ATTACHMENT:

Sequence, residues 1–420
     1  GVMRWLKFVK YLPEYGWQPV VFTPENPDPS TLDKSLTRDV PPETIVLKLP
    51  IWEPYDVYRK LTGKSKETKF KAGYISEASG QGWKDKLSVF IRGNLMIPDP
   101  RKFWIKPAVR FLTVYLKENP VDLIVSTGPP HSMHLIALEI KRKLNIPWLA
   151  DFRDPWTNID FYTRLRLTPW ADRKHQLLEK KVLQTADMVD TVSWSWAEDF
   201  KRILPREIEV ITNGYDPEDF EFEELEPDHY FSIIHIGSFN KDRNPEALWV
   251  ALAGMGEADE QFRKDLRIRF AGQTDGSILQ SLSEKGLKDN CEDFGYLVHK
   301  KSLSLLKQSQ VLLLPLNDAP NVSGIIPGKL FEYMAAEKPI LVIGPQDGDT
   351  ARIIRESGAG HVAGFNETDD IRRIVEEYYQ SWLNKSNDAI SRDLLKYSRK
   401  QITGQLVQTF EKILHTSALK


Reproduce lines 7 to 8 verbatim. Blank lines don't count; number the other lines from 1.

   251  ALAGMGEADE QFRKDLRIRF AGQTDGSILQ SLSEKGLKDN CEDFGYLVHK
   301  KSLSLLKQSQ VLLLPLNDAP NVSGIIPGKL FEYMAAEKPI LVIGPQDGDT